In the Toolkit Podcast, Tony and John Gilroy share how the Scottish Fog and a different opening changed the course of their Star Wars series.
Tony Gilroy has spoken at length about how tight the scripts for Andor were and needed to be. But it’s tight and there’s absolutely no extra footage, making the challenge of bringing the show together in the edit to a matter of adjusting the smallest of details and focal points. Two of the three Gilroy brothers, creator Tony and editor John, joined the Filmmaker Toolkit podcast to discuss how each storytelling block can be pieced together by “Andor” brick by Ferrix brick.
“We reshot a few things – maybe three scenes or something, because we thought we could do them better,” said Toni Gilroy. “We had a better idea and got the opportunity. [But] We have no deleted scenes. There would be no DVD extras on our plate. Zero. It’s really weird. Very strange [and] very surprising for us.”
In fact, according to the Gilroy brothers, there weren’t even that many examples of locations where scenes moved or episode structure was adjusted in editing. A notable exception to the ironclad rigor of the “Andor” scripts occurred in episode 6, “The Eye,” when the Scottish countryside – as stubborn as the Dani Pilgrims – turned out to see the incredible meteor shower , serving as cover for a rebel raid on the nearby Imperial base – held its own.
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“The original tip of [Episode 6] was the speech by Beehaz (Stanley Townsend), right? It’s going to be a very bravura thing and we’re going to introduce him. It just always felt right,” Gilroy said. The scene portrays the Imperials on Aldhani as arrogant and oppressive towards the indigenous people, and dismisses any concerns the audience might have about the rebel cell holding space AKs to the officers’ heads. “[But] When we were shooting it we had so much weather shit in Scotland that the opening scene – the scene where they’re having coffee and where Nemik (Alex Lawther) comes to Andor (Diego Luna) and says, ‘I couldn’t sleep,’ — [that almost wasn’t shot]. It was such a disaster. It wasn’t supposed to be in the fog, it was supposed to be all these other things, but everyone turned around quickly and we embraced the Kurosawa look.”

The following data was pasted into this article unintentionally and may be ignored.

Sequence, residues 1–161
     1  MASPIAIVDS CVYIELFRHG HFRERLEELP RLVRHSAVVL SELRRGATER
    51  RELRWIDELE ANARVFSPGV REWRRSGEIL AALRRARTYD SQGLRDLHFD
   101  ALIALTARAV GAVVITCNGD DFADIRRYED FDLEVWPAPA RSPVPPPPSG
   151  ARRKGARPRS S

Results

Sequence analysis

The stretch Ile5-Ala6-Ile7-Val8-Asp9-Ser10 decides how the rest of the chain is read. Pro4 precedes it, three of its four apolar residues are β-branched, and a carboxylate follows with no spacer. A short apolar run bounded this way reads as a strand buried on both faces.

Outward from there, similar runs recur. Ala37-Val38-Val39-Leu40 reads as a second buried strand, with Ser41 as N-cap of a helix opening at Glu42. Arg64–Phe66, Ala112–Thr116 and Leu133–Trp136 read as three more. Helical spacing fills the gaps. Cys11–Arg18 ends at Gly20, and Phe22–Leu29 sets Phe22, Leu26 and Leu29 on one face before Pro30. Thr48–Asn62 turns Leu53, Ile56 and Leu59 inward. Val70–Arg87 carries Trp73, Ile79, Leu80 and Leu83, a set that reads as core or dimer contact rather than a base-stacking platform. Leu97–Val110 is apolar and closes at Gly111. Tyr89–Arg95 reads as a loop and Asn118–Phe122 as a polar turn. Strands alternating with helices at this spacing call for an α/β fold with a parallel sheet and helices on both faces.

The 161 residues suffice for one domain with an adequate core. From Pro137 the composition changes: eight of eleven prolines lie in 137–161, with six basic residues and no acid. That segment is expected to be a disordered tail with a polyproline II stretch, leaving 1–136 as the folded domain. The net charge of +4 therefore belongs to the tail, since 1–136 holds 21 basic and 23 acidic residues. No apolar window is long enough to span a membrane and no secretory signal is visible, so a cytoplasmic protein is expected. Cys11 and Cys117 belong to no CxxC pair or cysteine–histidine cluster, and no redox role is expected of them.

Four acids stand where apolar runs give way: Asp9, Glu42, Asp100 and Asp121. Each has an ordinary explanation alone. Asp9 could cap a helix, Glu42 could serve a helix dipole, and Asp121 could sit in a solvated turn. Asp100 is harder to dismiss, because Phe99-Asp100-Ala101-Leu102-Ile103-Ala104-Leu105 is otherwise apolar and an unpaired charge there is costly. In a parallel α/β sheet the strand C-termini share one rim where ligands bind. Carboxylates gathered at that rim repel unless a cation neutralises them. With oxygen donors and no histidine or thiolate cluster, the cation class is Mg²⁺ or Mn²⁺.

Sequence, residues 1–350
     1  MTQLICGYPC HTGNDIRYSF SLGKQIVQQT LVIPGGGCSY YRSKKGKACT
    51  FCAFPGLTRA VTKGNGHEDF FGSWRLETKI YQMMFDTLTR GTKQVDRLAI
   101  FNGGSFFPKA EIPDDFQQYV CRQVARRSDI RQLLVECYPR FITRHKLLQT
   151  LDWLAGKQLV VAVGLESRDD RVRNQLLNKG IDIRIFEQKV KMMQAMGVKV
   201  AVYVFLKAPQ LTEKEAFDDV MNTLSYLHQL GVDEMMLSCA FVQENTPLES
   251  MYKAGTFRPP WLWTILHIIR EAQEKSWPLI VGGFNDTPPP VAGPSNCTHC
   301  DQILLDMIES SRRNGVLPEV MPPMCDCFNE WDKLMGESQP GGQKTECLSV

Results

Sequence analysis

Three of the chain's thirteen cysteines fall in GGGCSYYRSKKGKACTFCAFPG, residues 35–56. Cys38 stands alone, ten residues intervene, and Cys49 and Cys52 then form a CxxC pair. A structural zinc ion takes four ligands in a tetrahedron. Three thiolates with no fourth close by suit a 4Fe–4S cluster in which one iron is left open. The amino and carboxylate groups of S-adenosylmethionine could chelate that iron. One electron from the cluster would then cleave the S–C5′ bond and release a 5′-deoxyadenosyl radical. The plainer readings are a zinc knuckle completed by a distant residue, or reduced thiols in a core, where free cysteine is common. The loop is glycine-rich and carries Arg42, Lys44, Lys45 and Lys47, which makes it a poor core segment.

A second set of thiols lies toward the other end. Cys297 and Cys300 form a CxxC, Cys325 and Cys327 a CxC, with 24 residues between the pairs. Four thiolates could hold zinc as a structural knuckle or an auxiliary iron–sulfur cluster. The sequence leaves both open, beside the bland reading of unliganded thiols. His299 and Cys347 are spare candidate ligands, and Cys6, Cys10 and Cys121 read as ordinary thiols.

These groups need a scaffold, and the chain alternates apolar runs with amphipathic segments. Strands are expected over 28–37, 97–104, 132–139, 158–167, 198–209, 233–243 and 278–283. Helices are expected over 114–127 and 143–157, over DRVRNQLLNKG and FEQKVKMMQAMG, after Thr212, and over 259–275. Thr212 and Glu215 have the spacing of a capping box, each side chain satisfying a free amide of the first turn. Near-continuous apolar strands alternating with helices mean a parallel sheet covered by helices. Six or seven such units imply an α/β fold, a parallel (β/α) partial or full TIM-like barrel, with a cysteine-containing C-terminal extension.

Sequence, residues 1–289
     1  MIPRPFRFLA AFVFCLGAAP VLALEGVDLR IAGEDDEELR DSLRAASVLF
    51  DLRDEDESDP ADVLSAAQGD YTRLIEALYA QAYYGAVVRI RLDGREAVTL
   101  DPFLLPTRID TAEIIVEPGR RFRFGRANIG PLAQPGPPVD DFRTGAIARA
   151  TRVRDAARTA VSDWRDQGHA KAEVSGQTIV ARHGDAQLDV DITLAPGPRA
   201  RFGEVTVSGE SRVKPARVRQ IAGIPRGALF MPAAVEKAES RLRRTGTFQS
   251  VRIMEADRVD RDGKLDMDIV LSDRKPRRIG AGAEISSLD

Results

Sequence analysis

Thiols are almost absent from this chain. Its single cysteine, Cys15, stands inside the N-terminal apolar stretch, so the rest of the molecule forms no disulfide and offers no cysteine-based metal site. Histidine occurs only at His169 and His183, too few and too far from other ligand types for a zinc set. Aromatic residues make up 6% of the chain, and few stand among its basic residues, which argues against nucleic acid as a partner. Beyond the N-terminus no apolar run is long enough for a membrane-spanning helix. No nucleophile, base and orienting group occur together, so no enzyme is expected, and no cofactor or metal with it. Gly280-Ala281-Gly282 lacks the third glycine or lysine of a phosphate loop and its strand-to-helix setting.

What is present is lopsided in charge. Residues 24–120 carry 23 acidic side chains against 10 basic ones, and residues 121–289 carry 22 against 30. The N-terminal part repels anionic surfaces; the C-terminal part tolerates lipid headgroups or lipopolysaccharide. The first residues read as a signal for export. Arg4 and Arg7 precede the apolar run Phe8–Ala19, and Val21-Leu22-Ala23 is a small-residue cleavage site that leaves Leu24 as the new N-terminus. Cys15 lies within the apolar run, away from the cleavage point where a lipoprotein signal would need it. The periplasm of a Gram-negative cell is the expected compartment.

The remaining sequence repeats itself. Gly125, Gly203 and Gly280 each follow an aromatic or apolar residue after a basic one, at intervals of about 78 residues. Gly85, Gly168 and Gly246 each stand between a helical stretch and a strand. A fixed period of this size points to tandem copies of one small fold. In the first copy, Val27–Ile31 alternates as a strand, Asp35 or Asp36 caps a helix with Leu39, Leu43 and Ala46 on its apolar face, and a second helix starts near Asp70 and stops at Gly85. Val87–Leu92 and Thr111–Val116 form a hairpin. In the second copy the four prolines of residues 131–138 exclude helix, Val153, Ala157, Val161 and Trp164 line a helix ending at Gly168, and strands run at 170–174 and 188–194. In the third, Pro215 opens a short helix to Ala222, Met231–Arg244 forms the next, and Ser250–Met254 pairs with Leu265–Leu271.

“Because it’s so foggy and drifty and because it’s so weird and kind of otherworldly and dreamy, you couldn’t put it after [Beehaz] Series. It just didn’t feel like it felt in the script. It felt more dreamy – and I don’t know whose idea [it was to] Put that on top and see how it works, but suddenly you’re like, “Yes, that’s the protein!” This is where we want to be.”
Changing the opening order helps the sequence focus on who it needs to do – Nemik and Andor – and justifies the entire episode not with the goal of the heist itself, but with what it means for Cassian. He comforts the nervous Nemik beforehand, and that sense of caring amplifies the emotional impact of Nemik’s death – a blow Cassian still feels even after he cuts his share of the stolen Imperial payroll and runs away at the end of the episode. Starting with Nemik doesn’t necessarily put him at the center of the heist, but it does increase the life and death stakes of the storyline. That one choice gives Nemik a voice that literally and figuratively resonates through the end of the season, becoming the conscience that drives Cassian forward.
That such a small change can cause so much emotional damage to Cassian Andor (and the audience) is a testament to the dialed-in nature of season one. The “Rix Road” finale consists of many montages of all characters colliding in the same place at the same time. But the foundations were laid right from the start, because “Andor” initially tailors itself around the characters in the script and editing. Once that’s done, Tony Gilroy and his team look at the world of the show and the details that illustrate the strong cultural underpinnings of its locations.
“Let’s have some company here. Let’s stratify it! So [in Ferrix] They’ve got buyers and pickers and shopkeepers and grapplers and those gloves on the wall. I’m like, ‘Oh my god, all the gloves they have and before they go [out of the] Union hall every morning and where you hang your glove, is that where your father or mother hung their gloves? Or is it a status thing? And these gloves mean so much to me and it’s just one shot in the show,” said Tony Gilroy. “But we didn’t go beyond that. There aren’t a lot of glove shots on the floor, but those are the entry points, the kind of obsessive madness we’re trying to just infect all 700 people who work at Pinewood Studios with, and everyone knows they’re rewarded around to go deep.”
The Filmmaker Toolkit podcast is available on Apple Podcasts, Spotify, Overcast and Stitcher. The music used in this podcast is from the score Marina Abramovic: The Artist Is Present, courtesy of composer Nathan Halpern.
https://www.indiewire.com/2022/12/andor-interview-tony-gilroy-john-gilroy-1234785978/ ‘Andor’: Interview with Tony Gilroy & John Gilroy — Adaptation of Sparks Rebel